Essential for the formation of red blood cells, vitamin B12 is key for brain and nervous system formation. It’s widely recognised that vitamin B12 is only found naturally in animal sources, so those following a vegan diet may need a supplement. Fortified breakfast cereals and some low salt yeast extracts contain B12, as do plant milks and soya products. It’s important that a combination is included in your child’s diet. If not, a B12 supplement may be required. 

Fibre

High fibre foods tend to be very filling and can often cause children to become full before they've got all of the calories they need. Avocados, nuts and dried fruits are great energy-dense foods to include that contain fibre. Remember it’s good practice to encourage children to brush their teeth after eating dried fruits to minimise the chance of tooth decay.

In summary, vegan diets can be safe for children once parents are well informed about the key nutrients required for growth and development. However, parents must be extra cautious to ensure they're following a balanced diet.

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This article was published on 3 August 2016. Emer Delaney BSc (Hons), RD has an honours degree in Human Nutrition and Dietetics from the University of Ulster. She has worked as a dietitian in some of London's top teaching hospitals and is currently based in Chelsea.

All health content on bbcgoodfood.com is provided for general information only, and should not be treated as a substitute for the medical advice of your own doctor or any other health care professional. If you have any concerns about your general health, you should contact your local health care provider. See our website terms and conditions for more information.

Are you bringing your child or children up as vegan? Let us know how you're getting on in the comments below... 

Comments, questions and tips

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Dawn Carr
25th Aug, 2016
My 7 year-old daughter is the picture of health and has been a thriving vegan since birth. I’d have worried too much about her health and happiness if I were feeding her flesh, eggs and animals’ milk, as the dangers of feeding those foods to children are very well-documented. There's so much suffering and hardship in the world that we have a limited ability to change, but we can easily do something to make the world a less violent place every time we sit down to eat: we can choose healthy vibrant plant based meals that do not contribute to the misery of cows on dairy farms or the disappearance of fish from our oceans. Teaching our children about compassion is important as well as teaching them about healthy eating.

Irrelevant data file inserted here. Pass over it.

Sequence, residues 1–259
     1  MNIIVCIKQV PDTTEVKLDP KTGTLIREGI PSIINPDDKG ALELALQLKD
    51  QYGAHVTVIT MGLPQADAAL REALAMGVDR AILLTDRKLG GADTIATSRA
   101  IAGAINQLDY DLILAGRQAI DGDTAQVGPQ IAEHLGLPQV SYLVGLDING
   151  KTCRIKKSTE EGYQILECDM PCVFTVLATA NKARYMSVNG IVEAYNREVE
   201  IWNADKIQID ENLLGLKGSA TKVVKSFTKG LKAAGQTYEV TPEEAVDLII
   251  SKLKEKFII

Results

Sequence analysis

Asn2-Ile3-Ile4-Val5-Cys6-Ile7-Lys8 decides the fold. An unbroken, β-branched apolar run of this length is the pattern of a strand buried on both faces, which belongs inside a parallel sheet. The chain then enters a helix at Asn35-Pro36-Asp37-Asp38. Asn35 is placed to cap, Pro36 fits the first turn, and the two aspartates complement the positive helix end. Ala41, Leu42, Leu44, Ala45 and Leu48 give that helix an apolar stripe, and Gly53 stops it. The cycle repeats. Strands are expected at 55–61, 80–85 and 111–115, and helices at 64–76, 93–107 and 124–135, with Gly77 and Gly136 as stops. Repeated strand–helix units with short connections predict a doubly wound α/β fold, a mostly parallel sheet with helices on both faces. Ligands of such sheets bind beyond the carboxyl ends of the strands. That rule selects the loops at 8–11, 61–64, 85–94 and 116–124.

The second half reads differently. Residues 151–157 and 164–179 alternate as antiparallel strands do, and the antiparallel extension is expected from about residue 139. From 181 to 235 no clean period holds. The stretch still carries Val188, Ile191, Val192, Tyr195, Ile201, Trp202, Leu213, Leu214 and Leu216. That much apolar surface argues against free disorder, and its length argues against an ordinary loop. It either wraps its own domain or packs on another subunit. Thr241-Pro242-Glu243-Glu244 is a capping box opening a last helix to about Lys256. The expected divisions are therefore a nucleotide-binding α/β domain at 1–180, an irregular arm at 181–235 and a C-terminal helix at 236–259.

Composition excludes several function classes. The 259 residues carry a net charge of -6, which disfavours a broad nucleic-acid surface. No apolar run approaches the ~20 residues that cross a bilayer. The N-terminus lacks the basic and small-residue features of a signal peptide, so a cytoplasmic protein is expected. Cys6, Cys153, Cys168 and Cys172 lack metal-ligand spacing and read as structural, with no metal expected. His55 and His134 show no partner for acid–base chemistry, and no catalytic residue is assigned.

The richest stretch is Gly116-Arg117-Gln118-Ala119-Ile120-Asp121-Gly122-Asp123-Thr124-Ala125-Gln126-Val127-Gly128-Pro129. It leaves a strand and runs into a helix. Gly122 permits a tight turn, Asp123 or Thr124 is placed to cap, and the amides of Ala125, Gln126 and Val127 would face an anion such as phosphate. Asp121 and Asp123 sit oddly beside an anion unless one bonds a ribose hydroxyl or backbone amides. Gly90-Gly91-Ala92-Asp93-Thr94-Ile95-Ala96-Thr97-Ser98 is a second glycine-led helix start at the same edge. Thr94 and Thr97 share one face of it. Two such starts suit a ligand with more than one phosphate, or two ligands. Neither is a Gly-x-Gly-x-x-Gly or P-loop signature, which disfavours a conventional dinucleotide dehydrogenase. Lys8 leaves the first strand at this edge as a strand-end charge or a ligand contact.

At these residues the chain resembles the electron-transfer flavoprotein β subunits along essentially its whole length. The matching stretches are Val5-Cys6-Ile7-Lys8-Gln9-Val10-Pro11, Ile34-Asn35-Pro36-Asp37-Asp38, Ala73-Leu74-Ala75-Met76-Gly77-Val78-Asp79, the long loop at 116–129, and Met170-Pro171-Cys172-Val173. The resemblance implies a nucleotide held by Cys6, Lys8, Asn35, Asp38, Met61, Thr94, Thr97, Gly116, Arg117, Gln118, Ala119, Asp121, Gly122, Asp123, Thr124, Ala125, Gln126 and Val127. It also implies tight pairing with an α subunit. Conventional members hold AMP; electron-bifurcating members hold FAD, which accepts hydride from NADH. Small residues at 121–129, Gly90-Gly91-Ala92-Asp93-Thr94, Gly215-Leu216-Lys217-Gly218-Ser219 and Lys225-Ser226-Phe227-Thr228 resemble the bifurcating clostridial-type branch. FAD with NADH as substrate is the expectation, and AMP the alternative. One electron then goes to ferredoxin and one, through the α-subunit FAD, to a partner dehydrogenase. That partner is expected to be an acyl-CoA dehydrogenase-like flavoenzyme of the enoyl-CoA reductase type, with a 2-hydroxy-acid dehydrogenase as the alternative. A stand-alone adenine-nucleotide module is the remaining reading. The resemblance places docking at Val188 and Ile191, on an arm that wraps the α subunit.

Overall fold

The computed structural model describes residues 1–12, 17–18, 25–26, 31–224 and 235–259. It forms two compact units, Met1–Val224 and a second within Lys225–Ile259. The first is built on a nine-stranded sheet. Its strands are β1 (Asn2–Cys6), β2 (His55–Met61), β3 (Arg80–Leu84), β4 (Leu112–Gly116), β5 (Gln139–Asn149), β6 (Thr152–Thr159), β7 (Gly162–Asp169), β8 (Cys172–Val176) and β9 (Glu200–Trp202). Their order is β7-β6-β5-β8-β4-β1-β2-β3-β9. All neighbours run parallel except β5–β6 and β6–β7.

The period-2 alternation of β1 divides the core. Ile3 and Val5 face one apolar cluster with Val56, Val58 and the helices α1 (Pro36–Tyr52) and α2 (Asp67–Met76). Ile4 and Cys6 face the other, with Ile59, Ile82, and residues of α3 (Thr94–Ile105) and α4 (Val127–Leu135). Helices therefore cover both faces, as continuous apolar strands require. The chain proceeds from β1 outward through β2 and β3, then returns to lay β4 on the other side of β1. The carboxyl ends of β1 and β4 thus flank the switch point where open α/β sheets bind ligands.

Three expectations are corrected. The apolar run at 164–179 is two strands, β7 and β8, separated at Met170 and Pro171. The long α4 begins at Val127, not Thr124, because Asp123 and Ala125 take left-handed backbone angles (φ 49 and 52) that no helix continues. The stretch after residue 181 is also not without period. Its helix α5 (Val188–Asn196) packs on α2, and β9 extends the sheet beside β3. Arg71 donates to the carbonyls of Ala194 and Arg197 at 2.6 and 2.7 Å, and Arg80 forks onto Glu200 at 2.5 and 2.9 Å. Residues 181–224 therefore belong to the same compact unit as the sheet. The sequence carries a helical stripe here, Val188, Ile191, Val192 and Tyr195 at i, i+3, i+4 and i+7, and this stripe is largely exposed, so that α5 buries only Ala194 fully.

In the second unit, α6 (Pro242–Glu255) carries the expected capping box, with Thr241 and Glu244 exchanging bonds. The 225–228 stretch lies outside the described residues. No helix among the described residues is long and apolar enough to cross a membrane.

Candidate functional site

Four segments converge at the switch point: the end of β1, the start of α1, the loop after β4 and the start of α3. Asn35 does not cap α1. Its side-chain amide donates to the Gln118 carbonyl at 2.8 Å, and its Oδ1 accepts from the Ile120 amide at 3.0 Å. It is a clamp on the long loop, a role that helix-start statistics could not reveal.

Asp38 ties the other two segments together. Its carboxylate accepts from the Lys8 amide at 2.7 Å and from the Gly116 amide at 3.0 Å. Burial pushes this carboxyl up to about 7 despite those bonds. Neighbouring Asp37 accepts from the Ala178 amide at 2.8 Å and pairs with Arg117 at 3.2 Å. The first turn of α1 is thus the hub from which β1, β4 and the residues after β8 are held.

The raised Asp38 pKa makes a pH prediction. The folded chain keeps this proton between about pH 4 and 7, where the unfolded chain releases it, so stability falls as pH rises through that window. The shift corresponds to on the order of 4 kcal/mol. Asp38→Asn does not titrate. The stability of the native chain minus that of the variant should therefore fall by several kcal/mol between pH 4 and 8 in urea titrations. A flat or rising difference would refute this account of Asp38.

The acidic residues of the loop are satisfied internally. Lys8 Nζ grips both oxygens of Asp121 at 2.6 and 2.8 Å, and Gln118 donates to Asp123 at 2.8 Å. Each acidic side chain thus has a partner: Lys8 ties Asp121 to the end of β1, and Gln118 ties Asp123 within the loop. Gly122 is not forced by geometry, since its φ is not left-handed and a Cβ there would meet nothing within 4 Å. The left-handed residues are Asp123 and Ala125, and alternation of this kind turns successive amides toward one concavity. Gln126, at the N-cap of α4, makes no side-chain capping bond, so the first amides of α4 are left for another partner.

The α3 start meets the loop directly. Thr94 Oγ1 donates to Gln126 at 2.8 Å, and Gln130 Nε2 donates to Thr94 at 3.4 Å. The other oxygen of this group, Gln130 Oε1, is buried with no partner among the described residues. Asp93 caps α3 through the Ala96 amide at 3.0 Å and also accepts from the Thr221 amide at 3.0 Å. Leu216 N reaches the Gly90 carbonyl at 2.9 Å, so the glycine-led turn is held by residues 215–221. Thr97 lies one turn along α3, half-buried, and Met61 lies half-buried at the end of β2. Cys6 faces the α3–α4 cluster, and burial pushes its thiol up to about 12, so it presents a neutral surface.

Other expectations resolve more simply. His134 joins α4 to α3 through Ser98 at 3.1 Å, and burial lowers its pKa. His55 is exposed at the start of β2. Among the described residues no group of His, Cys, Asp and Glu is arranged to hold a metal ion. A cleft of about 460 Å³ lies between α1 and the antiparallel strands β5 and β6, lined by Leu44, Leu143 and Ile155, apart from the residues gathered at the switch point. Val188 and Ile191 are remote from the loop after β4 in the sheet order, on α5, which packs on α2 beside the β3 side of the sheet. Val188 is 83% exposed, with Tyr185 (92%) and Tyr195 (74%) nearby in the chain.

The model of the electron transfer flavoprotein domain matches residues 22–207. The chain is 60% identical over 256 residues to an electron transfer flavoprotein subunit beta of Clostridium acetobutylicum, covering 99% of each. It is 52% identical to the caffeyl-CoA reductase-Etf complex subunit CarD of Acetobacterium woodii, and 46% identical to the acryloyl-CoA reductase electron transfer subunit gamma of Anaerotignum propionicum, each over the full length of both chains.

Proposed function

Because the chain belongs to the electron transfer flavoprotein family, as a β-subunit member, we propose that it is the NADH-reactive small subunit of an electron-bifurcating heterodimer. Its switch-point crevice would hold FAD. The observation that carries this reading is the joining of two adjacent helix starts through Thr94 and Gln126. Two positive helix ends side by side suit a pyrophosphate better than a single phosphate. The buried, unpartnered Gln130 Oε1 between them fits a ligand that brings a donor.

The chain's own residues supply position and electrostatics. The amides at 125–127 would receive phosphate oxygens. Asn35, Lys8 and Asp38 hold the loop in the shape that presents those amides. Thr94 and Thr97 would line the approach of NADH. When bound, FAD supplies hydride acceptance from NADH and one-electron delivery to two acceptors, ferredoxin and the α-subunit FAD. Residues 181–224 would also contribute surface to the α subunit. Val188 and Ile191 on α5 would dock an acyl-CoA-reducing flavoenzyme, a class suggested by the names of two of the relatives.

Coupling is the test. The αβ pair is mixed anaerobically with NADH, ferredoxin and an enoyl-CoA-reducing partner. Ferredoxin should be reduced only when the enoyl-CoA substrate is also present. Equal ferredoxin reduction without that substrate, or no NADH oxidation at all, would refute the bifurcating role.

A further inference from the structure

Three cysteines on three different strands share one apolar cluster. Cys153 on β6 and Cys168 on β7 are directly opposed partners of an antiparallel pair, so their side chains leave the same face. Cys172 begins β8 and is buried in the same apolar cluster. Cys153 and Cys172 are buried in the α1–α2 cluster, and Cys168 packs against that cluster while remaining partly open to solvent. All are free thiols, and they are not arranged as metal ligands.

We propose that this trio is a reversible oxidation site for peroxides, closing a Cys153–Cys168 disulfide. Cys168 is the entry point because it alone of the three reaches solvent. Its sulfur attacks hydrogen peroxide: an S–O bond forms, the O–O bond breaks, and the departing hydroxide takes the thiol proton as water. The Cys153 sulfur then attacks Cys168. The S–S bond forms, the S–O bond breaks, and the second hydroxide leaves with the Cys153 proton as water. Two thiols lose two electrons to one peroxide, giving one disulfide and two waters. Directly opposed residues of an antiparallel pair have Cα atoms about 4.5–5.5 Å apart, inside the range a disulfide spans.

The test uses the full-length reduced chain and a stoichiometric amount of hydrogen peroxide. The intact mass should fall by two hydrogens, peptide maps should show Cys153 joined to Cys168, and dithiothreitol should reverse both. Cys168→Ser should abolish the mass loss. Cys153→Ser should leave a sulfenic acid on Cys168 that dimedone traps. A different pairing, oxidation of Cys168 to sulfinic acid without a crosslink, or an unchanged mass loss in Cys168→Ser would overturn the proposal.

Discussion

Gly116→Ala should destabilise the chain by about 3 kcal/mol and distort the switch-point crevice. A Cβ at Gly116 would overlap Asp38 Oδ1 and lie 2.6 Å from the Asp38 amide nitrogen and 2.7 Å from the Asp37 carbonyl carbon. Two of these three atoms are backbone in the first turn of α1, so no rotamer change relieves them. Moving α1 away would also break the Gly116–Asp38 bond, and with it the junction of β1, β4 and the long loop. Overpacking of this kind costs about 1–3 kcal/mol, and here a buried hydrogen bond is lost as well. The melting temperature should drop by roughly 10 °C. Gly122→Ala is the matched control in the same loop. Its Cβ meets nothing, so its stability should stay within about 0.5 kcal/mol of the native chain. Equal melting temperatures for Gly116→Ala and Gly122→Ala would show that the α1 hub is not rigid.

geezo
23rd Aug, 2016
My husband is vegan & we have had this debate since our son was born 7 months ago.he wants to raise him vegan whereas I do not.not because I think it's unhealthy,but just because of how restrictive it can be!i believe the best option is to educate your child about where meat & dairy comes from so that when they're older they can make informed choices by themselves.I also feel that feeding your children a diet of processed junk is a million miles more unhealthy than a vegan lifestyle!
TolanNightBlade
15th Oct, 2016
Vegan diets are not restrictive at all. Your logic would indicate that you should raise your child vegan, then let them choose if they want to consume the flesh of animals after they learn where meat / diary and such products come from and how animals are treated. Forcing them to consume these products then teaching them is much more abusive.
StarryGlen
22nd Aug, 2016
Why don't these GoodFood articles have published dates stamps on them? I think these type of articles should, if someone is trying to compare online resources to find the latest information, they shouldn't have to guess by the comment statement dates or go digging in the source pages for the info.
Riddick
22nd Aug, 2016
Wow... This article is irresponsible at best, dangerous at worst. To state that a vegan diet is healthy for children, but only under the stipulation that they might need fortified foods, and will definitely need a B12 supplement is outrageous. If you need supplementation to complete your diet, no matter what age, then your diet is deficient in something. If B12 is essential to humans, and it must come from the food we consume, then any diet that excludes it is dangerous. Sure veganism is trendy, but there is a reason why so few of the world's top athletes, and high performance power athletes in particular, are vegan. It's simply incomplete and it's irresponsible to advocate supplements to children as a means of filling the dietary gap left by excluding meat from the diet.
TolanNightBlade
15th Oct, 2016
What are your credentials to make these claims? And please post citations for your claims, it is truly amazing how many people are "experts" with no real knowledge. Do you know historically where B12 was obtained in our diets? B12's main source was untreated water, since we treat water the B12 is lost. B12 is mainly produced by soil born bacteria and within the colons of many animals, this B12 is excreted in the faeces so is not of direct use. Grazing animals such as cows, would obtain there B12 from grass which has B12 from faeces and bacteria. Modern factory farmed animals require B12 supplements / injections .... how very natural! B12 deficiency is rampant in meat eaters with modern agricultural practices destroying soil ecology.